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steve

338 posts in 649 days


#10 posted 07-04-2013 01:09 AM

I run, daily, a 1966 Craftsman 10” left tilt, rebuilt throughout, bearings, arbor, electrics, Motor (2hp Grizzly) and a Delta T2 40” fence, hand wheels, shop made cabinet with pissa dust collection…
But I want to flip it 180 degrees, have both saws in the same outfeed table station at 90 degrees from each other, and leave a Dado in it, and get a 3hp saw, both will be in a nice square table-made area, with a 52” on new saw, and the 40” on the Dado crafttsman.
Old image; shop has changed a bit, but it’s my saw, same year born as me.

-- steve/USA

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steve

338 posts in 649 days


#11 posted 07-04-2013 01:31 AM

Thnx Loren,
Holy shyt, the Northfield saws are almost “Tank looking”. Wow what an impressive statement for a Table saw. If I had a massive manufacture need and a budget, I’d love to slew 12/4 Maple through one of these bohemouths. (spelled incorrectly)
Blades would be another bank loan altogether.

-- steve/USA

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steve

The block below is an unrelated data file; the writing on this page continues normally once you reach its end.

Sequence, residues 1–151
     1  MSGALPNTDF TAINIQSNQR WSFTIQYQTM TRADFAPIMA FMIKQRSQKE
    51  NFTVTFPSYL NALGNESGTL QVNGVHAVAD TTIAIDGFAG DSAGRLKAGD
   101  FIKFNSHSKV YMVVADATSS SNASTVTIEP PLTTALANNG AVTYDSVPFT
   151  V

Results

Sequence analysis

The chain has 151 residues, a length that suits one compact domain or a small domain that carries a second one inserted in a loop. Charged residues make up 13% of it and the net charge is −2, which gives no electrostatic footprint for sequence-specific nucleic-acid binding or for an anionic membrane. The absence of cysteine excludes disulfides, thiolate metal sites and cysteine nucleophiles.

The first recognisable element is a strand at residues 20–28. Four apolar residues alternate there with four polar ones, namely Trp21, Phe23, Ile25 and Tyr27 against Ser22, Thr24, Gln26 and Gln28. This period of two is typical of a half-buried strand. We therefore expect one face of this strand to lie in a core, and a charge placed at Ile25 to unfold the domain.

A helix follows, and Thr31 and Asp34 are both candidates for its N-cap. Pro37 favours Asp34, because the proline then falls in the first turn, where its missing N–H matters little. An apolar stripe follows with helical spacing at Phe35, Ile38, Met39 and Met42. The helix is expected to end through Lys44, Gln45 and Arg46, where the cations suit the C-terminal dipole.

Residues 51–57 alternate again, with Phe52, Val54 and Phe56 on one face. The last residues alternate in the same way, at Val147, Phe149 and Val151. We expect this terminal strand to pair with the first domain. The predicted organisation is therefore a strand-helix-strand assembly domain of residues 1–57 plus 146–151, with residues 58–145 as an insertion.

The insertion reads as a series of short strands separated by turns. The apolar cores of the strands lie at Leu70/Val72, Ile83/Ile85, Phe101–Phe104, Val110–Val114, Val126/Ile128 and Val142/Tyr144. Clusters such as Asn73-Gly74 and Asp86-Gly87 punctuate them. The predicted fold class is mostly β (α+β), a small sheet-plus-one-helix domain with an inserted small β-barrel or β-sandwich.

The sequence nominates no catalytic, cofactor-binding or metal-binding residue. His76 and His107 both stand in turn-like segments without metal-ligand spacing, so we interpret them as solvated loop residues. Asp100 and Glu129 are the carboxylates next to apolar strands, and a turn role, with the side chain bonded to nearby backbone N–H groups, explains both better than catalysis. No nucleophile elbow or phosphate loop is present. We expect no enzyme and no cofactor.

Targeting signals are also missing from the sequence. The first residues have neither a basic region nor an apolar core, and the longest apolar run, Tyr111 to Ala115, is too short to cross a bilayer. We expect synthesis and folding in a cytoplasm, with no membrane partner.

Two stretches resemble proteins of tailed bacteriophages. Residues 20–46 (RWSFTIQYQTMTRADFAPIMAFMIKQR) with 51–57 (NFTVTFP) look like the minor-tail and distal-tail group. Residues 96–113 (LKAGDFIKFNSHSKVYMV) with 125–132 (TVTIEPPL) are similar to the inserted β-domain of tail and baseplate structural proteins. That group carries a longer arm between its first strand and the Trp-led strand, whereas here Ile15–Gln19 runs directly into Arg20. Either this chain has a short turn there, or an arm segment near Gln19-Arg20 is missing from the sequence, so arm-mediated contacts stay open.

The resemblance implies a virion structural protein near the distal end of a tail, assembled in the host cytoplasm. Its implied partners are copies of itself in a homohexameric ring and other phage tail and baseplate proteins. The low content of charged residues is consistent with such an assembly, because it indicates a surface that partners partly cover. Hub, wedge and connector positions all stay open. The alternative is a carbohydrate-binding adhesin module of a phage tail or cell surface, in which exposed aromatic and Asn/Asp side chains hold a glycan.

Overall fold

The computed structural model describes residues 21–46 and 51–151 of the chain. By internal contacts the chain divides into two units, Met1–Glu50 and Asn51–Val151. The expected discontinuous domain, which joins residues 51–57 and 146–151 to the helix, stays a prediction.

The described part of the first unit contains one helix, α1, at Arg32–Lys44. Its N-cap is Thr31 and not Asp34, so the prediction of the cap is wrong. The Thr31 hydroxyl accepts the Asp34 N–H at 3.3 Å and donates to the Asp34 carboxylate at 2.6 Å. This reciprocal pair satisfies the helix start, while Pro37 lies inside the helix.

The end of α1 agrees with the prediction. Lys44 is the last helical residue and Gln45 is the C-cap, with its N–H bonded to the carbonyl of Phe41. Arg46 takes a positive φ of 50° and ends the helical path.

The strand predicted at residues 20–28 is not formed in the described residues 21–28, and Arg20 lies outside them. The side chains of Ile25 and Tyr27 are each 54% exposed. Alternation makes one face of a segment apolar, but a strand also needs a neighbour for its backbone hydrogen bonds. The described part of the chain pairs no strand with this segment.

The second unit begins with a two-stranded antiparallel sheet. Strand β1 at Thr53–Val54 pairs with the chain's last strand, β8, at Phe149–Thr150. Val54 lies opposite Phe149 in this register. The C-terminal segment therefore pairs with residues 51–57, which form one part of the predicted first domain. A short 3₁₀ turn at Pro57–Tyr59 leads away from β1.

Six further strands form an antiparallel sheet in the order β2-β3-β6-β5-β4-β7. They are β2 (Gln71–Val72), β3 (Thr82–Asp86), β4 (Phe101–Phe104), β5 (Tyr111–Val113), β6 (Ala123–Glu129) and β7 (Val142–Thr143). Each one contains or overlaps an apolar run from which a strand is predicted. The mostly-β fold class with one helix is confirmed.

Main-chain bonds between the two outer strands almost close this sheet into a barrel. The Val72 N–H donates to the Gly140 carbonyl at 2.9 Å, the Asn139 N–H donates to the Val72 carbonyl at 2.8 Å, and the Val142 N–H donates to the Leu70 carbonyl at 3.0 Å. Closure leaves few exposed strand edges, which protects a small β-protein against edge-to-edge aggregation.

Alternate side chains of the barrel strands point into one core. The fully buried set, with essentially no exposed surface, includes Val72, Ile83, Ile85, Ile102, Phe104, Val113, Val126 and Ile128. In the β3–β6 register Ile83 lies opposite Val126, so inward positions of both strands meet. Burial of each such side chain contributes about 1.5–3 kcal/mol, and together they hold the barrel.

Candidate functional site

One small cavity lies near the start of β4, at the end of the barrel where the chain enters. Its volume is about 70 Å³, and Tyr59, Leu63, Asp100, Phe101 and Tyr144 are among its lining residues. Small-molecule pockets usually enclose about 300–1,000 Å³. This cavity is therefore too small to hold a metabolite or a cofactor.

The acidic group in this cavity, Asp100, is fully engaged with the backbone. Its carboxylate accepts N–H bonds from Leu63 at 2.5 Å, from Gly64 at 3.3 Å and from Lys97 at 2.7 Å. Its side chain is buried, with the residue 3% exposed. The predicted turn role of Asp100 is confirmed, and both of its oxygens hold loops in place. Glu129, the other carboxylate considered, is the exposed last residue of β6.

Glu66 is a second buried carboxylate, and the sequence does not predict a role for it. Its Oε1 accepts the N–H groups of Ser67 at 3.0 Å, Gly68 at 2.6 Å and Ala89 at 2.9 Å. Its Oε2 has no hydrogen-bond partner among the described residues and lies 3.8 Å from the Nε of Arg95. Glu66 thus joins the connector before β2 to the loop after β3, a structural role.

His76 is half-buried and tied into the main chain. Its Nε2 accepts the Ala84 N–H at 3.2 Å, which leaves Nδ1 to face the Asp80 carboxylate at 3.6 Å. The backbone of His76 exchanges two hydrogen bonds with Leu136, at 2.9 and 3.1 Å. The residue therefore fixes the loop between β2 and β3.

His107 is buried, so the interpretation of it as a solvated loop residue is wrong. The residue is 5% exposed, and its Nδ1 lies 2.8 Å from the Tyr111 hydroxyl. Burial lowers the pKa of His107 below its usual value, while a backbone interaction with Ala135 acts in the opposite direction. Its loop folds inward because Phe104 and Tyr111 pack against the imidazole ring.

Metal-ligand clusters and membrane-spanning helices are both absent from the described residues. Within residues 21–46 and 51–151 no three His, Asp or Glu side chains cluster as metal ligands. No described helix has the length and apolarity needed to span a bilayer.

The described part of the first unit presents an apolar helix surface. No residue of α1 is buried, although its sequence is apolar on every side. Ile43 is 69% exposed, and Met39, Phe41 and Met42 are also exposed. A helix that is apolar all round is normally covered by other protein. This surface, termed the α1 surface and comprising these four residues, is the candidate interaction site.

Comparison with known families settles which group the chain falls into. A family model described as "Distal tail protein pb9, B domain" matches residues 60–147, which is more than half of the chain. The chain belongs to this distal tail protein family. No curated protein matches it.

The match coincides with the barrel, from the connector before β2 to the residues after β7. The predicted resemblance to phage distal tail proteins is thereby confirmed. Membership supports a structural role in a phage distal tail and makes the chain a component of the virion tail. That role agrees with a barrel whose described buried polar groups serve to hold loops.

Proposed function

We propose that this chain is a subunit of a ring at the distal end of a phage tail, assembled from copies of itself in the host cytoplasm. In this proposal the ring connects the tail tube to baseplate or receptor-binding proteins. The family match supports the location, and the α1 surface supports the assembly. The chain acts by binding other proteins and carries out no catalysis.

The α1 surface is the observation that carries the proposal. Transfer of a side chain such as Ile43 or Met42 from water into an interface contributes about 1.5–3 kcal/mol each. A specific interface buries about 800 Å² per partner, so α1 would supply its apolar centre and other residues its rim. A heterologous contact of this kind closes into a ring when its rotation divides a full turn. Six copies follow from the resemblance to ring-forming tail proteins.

338 posts in 649 days


#12 posted 07-04-2013 01:39 AM

Oh what fun to shoot the shyt with fellow woodmongers…Happy 4th to all!

-- steve/USA

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knotscott

5462 posts in 2031 days


#13 posted 07-04-2013 11:26 AM

The General 350 & 650 were made in Canada, but are slated to be discontinued (if they haven’t been already). Otherwise, what’s left of the Unisaw is the closest thing to a TS made in the US that’d be feasible for most of us to obtain. Thanks in part to an eroding manufacturing base, and an onslaught of Saw Stop saws, there are many used US made table saws around.

-- Happiness is like wetting your pants...everyone can see it, but only you can feel the warmth....